It is typical of Ghosh that he also introduces into this novel an in-between entity, a connecting force between all the various groups. In The Hungry Tide, this entity is the married couple Mashima and Saar (Nilima and Nirma Bose) who occupy a position somewhere between government and the local people, indeed  the ‘mother’ and ‘father’ of the community. Their intimate connection with the people is seen in their names, Mashima meaning ‘aunt’ and Saar meaning ‘Sir’, and the way no-one ever refers to them in any other way. Mashima founded the hospital and heads the organization that runs it, the Badabon Trust, and Saar was the headmaster of the local school. Even between Mashima and Saar there exists a difference of attitude, with Saar viewing his work as teacher not nearly as important as Mashima views her social work – Saar instead leaning towards a more revolutionary involvement, and Mashima viewing the official approach as the only sustainable one. In this, Mashima moves so close to government that “the president had actually decorated her with one of the nation’s highest honors” (44). Yet she is still seen by the community as a “figure of maternal nurture” (48). The problematic of this in-between position is that the incumbent is often accused by both sides of taking the part of the other, and it is indeed true for Mashima, with even her husband accusing her that she has “joined the rulers; [and has] begun to think like them”, that she has “lost sight of the important things” (248). Nevertheless, a ‘Mashima’ and a ‘Saar’ are present in every society in which people are rendered powerless by lack of education or financial means, and in The Hungry Tide,  these two characters play a fundamental role as the ‘good’ in official governing bodies.

Using all these characters, the sea, the river, the land, the Ganges tiger and dolphin, bound together through myth, folklore and science, Ghosh weaves an intricate pattern of inter-dependence and mutual influence – a co-existence which although not romantically pastoral, nevertheless offers existence for all. The search for the dolphins becomes the key event which offers Piya, by representation the world of science, the possibility of understanding the world beyond science, a chance to experience the “modulation” from the “uncanny” to the “canny”, in the words of Nayar. This transition is concluded by the death of Fokir, giving his life to shelter her from the storm, and in the process seen to infuse her with his connection to nature. Kanai achieves a similar “modulation” through his near-death encounter with a tiger, and applies this new-found “knowing” of his “home” to setting right the broken relationship left behind by the death of Saar. In this “connected” way, Gosh also makes it clear that the plight of the Ganges dolphin is as serious as the plight of the Ganges tiger, that being as serious again as the plight of the dispossessed mass of humanity.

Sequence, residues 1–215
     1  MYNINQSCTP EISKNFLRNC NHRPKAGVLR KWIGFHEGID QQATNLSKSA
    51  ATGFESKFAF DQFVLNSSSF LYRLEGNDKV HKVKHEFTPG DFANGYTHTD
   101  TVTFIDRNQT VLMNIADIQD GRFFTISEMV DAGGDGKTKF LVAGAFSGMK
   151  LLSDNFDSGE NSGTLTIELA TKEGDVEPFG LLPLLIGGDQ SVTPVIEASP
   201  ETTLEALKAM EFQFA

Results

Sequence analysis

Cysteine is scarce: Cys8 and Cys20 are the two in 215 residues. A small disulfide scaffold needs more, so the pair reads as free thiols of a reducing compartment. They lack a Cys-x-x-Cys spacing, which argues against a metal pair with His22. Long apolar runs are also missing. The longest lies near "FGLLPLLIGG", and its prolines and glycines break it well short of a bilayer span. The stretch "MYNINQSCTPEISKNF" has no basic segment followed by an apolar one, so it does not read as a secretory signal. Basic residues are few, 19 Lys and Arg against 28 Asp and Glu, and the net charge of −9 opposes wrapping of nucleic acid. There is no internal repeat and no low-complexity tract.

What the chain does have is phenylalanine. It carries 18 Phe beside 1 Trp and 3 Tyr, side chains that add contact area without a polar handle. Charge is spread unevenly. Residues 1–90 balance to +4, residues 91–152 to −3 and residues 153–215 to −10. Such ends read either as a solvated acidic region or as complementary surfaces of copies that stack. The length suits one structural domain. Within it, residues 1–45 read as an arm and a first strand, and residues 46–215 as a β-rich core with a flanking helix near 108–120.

Pramod Nayar proposes that The Hungry Tide can be read as a critique of Postcolonialism and the role it played in the dispossession of people, and that in his view, “Ghosh […] proposes a deeply humanist critique of the postcolonial condition here” (105). Huggan and Tiffin conclude at the end of their discussion that “Ghosh appears to argue [that people] must necessarily take precedence over animals” (5), and that for the environmental problems in The Hungry Tide, “neither a practical nor a philosophical management of the problem is offered”(5). A more nuanced reading of the text is however also possible, recognising that Ghosh presents this intractable problem with an amazing sensitivity. The rich variety of characters in The Hungry Tide, as they emerge from intertwined historical and mythical tales, enables Ghosh to create a subtle novel which, with much empathy, forces the reader to acknowledge the immense difficulties inherent in the sharing of a planet. Ghosh uses human history and human relationships to highlight the ‘humane’ in humanity, and myth and descriptions of the landscape to highlight the elemental and beautiful in Nature, both eminently of value, yet always in competition, and often in conflict. The Hungry Tide does indeed not pose a solution to this conflict, only requests an awareness, an empathy, for both human and animal, by both environmentalist and humanist respectively. Existence is at the end not possible without co-existence.


Ghosh, Amitav. The Hungry Tide. 2005. Penguin Canada.

Tiffin, HM and Huggan, G.  “Editorial: Green Postcolonialism”. 2007. Interventions, 9 (1). pp. 1-11.

Nayar, Pramod K. “The Postcolonial Uncanny; The Politics of Dispossession in Amitav Ghosh’s The Hungry Tide”. College Literature 37.4 [Fall 2010]. pp. 88-119.